In Mrs. Bonner’s tiny sitting-room Hugh was pacing restlessly in the confined space, pausing now and again to listen.
She was coming—coming. Presently she would be here, presently he would see her, this girl of his dreams, standing before him with the lamplight on her sweet face.
But it was not to pour out the story of his love that he had sent for her to-night. He must remember that she came unattended, unprotected, relying on his chivalry. Hugh took a grip on himself, and now he heard the familiar creaking of the little gate, and in a moment was at the door. But the excitement, the enthusiasm of just now was passed.
He looked at her standing before him. Looking at her, he pictured her as he had seen her before, cold and haughty, her eyes hard and bright, her lips curved with scorn for him, and now—he saw her with a flush in her cheeks, and the brightness of her eyes was not cold, but soft and misty, and her red-lipped mouth trembled.
Once he had seen her as now, all sweetness and tenderness. And so in his dreams of her had he pictured her, and now he saw her so again, and knew that his love for her and need of her were greater even than he had believed.
“I sent for you, Hugh.” She hesitated, and again the colour deepened in her cheeks.
“You sent for me, dear?”
“Because I need you. I want your advice, perhaps your help. He—he came back again.”
“And I left here Thursday,” he smiled. “Joan, you have a spy in your house who reports my movements and yours to Slotman. No sooner was I gone from here than he was advised, and so he came. Now do you understand why I am here. I knew that man would come. He needs money, there is the magnet of your gold. He will never leave you in peace while he thinks you alone and unprotected, but while I was here you were safe, for he is a very coward.”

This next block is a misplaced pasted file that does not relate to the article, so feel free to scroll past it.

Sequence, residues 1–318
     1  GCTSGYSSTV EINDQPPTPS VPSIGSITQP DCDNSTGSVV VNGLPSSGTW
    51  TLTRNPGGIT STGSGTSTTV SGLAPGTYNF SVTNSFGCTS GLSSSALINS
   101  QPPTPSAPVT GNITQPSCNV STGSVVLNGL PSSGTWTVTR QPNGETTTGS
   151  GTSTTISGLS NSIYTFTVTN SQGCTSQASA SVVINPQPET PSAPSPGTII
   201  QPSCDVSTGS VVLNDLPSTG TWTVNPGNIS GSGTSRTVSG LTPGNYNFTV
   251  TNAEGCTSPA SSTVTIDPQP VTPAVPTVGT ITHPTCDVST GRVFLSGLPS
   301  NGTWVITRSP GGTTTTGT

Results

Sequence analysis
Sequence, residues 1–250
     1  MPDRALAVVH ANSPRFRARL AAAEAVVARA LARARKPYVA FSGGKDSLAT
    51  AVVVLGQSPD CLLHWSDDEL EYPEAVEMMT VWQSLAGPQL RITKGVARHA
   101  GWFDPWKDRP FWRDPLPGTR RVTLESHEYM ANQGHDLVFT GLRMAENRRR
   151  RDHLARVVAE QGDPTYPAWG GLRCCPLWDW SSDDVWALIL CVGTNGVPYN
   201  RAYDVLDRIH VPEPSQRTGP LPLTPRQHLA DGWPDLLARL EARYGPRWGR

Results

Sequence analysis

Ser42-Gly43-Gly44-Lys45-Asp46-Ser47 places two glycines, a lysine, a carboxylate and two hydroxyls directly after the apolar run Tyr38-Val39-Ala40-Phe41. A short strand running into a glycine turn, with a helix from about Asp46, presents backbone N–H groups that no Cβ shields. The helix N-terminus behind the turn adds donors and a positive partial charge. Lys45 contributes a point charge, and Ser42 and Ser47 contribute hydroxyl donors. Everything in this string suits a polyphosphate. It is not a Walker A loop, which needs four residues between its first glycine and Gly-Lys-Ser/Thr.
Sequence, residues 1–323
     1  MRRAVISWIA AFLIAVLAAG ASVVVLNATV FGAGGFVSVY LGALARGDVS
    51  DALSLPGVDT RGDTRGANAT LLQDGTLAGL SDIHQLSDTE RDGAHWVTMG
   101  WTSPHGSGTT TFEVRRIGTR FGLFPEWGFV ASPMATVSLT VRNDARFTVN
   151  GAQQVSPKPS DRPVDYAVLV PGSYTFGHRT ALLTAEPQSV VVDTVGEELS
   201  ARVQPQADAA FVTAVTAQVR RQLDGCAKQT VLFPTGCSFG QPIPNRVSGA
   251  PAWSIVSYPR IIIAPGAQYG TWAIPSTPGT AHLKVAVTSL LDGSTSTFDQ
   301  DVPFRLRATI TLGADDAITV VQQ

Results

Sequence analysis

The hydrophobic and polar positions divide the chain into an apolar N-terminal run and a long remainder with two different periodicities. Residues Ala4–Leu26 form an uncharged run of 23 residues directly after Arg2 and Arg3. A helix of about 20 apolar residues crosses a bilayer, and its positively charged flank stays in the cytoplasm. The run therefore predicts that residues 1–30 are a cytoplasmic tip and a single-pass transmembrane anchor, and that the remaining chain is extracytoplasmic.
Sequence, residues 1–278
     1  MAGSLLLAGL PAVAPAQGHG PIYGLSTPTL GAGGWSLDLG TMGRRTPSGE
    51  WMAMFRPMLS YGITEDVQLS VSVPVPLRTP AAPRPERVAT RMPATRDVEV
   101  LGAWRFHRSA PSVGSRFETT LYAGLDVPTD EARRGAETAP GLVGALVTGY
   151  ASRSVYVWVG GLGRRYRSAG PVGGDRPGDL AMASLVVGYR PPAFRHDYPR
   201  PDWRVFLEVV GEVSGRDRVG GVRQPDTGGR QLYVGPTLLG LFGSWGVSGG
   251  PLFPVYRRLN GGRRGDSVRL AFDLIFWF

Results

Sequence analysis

“And that was why you came, knowing that he—”
She paused. “And I—I cut you in the street, Hugh.”
“And hurt yourself by doing it,” he said softly.
“Yes.” She bowed her head, and then suddenly she thrust the softness and the tenderness from her, for they must be dangerous things when she loved this man as she did, and was promised to another.
“I must not forget that—I am—” She paused.
“Promised to another man? But you will never carry out that promise, Joan—you cannot, my dear! You cannot, because you belong to me. But it was not of that that you came to speak. Only remember what I have said. It is true.”
“It cannot be true. I never break a promise! What am I to do? Tell me and advise me. You know—what he—he says—what he thinks or—or pretends to think.” Again the burning flush was in her cheeks.
“And even though it is all a vile and cruel lie, yet I could not bear—”